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Location: Mailing Lists / Archive General Hot Articles / 2007-10-17

In this issue:  Brain-boosting snacks, preparing for the
flu, and fighting toxic substances with plants.

AskMen surveys the top 10 art museums.

Motley Fool warns that Congress may reduce your home
mortgage interest deduction.
AskMen warns that your parents' debts are not necessarily
meaningless to your financial future.  Here are some
potential impacts of generational debt and how to deal with
Motley Fool says low returns and inflexible investments have
made whole life insurance obsolete.

---Food & Beverage---
If you want an alcoholic drink and you're watching your
weight, which is the best way to go?  AskMen provides some
Feeling unmotivated?  Thoughts unclear?  Can't calculate as
quickly as you used to?  AskMen provides some good
brain-boosting snack ideas that might just help you out.

This Old House provides expert advice on tricking out your
home for Halloween.

  Make your website more interesting:

Everybody has a healthy weight range, but if you're outside
of the range, there can be significant physical
consequences, according to AskMen.
Ovarian cancer is far more lethal and far more difficult to
detect that cancers that get more publicity, yet
fund-raising and research for the disease get far less
attention, according to Health.
Health warns that the flu vaccine may not be as good -- or
as safe -- as you think.
Health provides 5 ways to outsmart the flu.

This Old House says an energy audit can help homeowners find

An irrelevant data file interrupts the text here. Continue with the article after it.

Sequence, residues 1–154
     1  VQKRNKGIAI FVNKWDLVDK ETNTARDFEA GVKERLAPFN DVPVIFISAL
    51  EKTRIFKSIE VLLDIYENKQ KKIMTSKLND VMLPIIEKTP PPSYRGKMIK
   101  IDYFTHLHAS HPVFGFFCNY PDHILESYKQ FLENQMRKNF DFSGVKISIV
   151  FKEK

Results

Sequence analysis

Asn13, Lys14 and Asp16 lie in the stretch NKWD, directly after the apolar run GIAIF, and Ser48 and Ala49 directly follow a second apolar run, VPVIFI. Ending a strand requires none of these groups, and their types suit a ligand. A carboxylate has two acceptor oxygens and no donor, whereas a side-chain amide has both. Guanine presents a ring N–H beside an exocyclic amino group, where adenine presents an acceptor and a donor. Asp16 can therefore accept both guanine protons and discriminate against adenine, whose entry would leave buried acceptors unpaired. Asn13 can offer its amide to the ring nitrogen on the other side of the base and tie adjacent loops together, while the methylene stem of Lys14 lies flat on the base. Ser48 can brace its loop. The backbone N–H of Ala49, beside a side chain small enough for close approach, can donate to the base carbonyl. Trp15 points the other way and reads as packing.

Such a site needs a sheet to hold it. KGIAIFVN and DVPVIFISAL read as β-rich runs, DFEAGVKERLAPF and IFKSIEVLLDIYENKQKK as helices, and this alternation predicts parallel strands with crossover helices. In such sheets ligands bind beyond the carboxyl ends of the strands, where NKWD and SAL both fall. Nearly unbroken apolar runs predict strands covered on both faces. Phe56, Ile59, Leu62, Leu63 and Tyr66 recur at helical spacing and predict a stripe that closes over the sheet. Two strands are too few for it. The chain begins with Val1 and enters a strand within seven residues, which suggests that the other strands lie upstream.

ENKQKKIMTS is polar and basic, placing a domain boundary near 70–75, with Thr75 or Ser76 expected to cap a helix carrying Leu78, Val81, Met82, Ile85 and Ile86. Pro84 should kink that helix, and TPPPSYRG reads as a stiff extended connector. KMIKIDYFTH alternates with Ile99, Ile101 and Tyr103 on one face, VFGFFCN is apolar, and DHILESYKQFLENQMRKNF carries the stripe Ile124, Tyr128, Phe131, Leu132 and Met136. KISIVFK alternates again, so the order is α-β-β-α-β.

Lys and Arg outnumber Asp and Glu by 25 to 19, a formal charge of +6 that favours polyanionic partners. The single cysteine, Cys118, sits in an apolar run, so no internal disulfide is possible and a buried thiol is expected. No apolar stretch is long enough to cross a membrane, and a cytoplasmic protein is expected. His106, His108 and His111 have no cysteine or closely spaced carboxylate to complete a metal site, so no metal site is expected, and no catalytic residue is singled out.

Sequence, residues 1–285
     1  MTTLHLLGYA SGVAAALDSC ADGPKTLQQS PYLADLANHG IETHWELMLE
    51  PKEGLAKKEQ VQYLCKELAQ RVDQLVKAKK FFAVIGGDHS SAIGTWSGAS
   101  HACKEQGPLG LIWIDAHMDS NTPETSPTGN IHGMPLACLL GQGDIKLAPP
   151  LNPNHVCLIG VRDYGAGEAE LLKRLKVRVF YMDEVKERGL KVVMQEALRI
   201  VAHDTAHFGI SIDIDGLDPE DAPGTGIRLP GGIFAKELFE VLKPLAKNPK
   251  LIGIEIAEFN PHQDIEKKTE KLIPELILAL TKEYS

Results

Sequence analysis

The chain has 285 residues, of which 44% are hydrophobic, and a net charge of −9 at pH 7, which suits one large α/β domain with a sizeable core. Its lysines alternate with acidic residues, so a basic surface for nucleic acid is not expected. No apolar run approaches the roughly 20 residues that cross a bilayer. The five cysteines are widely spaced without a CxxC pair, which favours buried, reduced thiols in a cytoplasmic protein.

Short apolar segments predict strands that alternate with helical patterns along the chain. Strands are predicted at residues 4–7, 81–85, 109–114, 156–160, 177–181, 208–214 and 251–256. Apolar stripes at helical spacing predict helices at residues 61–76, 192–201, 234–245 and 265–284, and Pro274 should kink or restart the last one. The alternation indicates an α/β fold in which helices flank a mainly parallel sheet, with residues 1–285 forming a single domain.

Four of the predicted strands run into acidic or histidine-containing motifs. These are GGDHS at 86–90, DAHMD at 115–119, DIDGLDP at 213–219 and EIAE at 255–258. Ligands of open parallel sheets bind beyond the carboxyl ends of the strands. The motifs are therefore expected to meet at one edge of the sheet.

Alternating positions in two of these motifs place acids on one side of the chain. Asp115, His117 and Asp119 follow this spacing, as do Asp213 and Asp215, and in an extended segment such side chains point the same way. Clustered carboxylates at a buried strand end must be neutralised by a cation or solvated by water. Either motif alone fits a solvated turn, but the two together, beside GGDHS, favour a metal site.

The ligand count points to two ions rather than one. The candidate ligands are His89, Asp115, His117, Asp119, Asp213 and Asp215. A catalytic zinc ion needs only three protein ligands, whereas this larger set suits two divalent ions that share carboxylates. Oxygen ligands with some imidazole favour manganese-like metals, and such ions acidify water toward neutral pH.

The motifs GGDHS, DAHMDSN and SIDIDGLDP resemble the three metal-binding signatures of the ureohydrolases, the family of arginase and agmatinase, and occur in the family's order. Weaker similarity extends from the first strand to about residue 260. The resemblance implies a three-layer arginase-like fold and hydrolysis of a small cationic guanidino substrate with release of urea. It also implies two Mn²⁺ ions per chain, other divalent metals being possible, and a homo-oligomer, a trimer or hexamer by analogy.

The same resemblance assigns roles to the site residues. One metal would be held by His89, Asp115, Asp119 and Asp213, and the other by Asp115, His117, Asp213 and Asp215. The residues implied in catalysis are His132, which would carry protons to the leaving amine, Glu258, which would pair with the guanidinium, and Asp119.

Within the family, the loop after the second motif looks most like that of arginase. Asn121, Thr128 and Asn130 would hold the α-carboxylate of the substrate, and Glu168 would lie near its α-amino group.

the spots where fuel costs are flying out the windows and walls.

---Nuclear Weapons---
Unleashing a nuclear bomb would cause untold death and
disfigurement.  But society tends to forget.  Scientific
American says countries are altering their nuclear arsenals,
prompting the U.S. to refurbish its own warheads.

The US Department of Defense's science and technology
spending is 'inadequate' to address security threats, the
department's own chief technologist has warned in an
internal memo accidentally posted last month, according to
Chemistry World.
Scientific American says even the Bush administration has
started to recognize U.S. legal obligations to fight global
Chemistry World reports that scientists have genetically
modified plants to remove and destroy a range of toxic and
carcinogenic chemicals from water and air.  Cleanup costs
billions of dollars globally each year -- now some
contaminated areas could be cleaned up quickly and safely by
planting trees.
The US Environmental Protection Agency has approved a
chemical for use as a fumigant pesticide that is widely
believed to be carcinogenic and mutagenic, dismissing
warnings from dozens of chemists, according to Chemistry World.
AskMen provides some instant cheer-ups that are easy to
implement and effective in providing quick results
Wired reports on efforts to set an all-time speed record for
crossing the American continent on four wheels.